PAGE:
The video for “Weight of Life” is stunning. It begins with Stela wandering through a field of overgrown crops while wearing an impeccable black body-length peacoat. She stands out like a spotlight, partly because of her bright blonde hair, but mostly because she exemplifies a ray of hope in what would otherwise be a sea of gray. Most of the video features her sitting next to a younger version of herself, who’s played by model Isabella di Rienzo; the casting is sheer perfection. As both Stela and di Rienzo lip sync the lyrics, you truly feel like this is the same person dealing with life’s tribulations in different ways at different times.

The song itself is profound; Stela’s singing gives you goosebumps, the lyrics scare the hell out of you, and the overall effect astonishingly restores your faith. Given the current undertow we’re all living in, “Weight of Life” couldn’t come at a better time. As one YouTuber put it, “I love that I got to hear this, (it) gave me some hope after losing my job.” Stela knew this track was special and that it would ultimately set in motion a bigger project: “I like each song (off of ‘Joy’) for a different reason, but the one that sparked the idea for the EP is ‘Weight of Life.’ It was the first song that made me realize I was going to make a record about motherhood.”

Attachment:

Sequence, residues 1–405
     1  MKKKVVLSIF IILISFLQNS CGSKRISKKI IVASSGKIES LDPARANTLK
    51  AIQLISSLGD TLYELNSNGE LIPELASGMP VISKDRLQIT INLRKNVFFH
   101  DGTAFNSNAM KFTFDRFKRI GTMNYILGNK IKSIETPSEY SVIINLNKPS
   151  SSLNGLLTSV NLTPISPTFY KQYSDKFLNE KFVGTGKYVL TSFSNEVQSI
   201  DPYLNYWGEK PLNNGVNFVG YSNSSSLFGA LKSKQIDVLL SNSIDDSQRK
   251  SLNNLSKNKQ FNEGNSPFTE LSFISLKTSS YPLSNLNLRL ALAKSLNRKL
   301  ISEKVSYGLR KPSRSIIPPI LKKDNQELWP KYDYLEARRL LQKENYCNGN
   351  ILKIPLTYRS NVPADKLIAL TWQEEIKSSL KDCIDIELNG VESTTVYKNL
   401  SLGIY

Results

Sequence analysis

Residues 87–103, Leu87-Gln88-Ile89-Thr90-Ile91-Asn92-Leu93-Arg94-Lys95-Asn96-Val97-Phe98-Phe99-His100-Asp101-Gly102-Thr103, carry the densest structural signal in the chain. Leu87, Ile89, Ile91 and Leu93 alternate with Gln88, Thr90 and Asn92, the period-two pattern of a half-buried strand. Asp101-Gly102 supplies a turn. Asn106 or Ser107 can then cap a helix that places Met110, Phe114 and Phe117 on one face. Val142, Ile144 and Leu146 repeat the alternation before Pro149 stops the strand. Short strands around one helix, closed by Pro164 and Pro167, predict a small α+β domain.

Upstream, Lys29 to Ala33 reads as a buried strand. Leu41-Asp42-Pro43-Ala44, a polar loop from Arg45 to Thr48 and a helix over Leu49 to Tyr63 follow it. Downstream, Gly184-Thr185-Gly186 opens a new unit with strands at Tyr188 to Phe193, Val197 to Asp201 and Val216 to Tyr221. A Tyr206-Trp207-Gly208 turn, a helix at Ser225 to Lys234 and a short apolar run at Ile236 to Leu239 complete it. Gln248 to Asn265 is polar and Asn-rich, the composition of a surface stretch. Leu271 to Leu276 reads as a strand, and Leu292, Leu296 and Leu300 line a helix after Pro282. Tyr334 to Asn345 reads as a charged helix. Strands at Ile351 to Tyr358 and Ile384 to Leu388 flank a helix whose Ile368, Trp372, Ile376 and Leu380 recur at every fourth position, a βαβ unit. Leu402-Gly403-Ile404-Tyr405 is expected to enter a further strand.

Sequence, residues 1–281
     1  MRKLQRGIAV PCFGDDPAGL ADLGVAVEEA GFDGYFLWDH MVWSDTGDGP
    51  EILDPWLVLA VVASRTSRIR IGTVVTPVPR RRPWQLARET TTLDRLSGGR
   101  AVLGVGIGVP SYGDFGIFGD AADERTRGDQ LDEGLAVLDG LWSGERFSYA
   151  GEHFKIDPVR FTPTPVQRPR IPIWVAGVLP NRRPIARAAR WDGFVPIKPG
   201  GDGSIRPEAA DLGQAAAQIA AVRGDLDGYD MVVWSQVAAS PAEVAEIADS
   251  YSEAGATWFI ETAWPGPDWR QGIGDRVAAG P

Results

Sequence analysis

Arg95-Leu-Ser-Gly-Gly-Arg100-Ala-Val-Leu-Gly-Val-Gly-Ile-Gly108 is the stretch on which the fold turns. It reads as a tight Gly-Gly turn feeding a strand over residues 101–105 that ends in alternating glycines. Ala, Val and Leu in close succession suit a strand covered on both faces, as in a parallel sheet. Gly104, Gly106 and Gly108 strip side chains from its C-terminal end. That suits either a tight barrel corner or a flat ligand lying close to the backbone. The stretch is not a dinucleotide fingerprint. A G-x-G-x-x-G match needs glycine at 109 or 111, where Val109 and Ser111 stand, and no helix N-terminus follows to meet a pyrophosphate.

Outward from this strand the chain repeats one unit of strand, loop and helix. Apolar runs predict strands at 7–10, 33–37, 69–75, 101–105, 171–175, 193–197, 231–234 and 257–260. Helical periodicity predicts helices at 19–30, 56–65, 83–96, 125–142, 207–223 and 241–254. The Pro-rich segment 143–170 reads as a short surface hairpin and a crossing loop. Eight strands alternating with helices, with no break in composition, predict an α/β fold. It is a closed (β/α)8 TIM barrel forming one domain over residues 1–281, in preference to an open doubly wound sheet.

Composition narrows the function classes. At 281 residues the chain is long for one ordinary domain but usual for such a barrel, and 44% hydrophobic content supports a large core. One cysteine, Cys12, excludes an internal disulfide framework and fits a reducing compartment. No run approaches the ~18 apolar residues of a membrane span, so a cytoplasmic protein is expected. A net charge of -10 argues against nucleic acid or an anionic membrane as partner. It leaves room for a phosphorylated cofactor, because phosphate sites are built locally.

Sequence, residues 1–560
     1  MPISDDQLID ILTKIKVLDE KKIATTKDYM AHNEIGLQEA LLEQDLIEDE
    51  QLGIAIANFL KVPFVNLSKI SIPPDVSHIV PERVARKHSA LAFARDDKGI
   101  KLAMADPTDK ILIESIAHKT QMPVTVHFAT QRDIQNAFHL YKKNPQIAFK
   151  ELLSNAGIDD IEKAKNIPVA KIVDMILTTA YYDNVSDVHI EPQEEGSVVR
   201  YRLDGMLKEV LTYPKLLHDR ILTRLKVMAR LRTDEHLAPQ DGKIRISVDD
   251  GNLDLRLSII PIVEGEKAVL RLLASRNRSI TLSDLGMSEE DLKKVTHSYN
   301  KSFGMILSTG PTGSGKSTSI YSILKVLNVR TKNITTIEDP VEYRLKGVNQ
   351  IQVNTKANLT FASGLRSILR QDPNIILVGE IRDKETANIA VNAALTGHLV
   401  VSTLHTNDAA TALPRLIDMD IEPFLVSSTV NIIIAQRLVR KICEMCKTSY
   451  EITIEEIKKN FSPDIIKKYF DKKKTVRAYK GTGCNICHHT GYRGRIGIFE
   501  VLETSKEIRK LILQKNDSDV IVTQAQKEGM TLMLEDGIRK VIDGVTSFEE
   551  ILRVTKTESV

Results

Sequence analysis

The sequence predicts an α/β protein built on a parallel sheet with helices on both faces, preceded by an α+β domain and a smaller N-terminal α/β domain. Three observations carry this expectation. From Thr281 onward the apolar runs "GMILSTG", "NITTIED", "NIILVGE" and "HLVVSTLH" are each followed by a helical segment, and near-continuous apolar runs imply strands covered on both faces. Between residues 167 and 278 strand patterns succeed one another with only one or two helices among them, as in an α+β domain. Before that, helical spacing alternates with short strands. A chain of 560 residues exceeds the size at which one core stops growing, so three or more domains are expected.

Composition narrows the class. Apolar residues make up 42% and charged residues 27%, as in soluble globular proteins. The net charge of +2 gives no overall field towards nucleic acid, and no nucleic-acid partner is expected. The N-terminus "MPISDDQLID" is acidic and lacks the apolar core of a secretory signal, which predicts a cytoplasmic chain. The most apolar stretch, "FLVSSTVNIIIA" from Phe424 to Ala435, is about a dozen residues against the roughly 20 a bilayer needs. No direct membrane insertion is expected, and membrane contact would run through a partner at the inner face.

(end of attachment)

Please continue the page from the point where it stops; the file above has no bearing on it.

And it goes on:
While “Joy” dives deep into the topic of postpartum depression, it’s also — as Stela puts it — a retelling of what it’s like to piece your life back together after your senses of identity and purpose are shattered by motherhood. It’s a niche subject matter, but that’s one of the reasons why she was so driven to speak on it. “This is very specifically a record about my experience with motherhood. I chose from the beginning not to shy away from that or pretend it’s about something else to make it easier for people to swallow. There are very few songs out there that address the dark and light of being a parent. I wanted to hear that,” she explains. “But I also believe that if a song is really good, it will resonate whether you’ve had the experience or not.”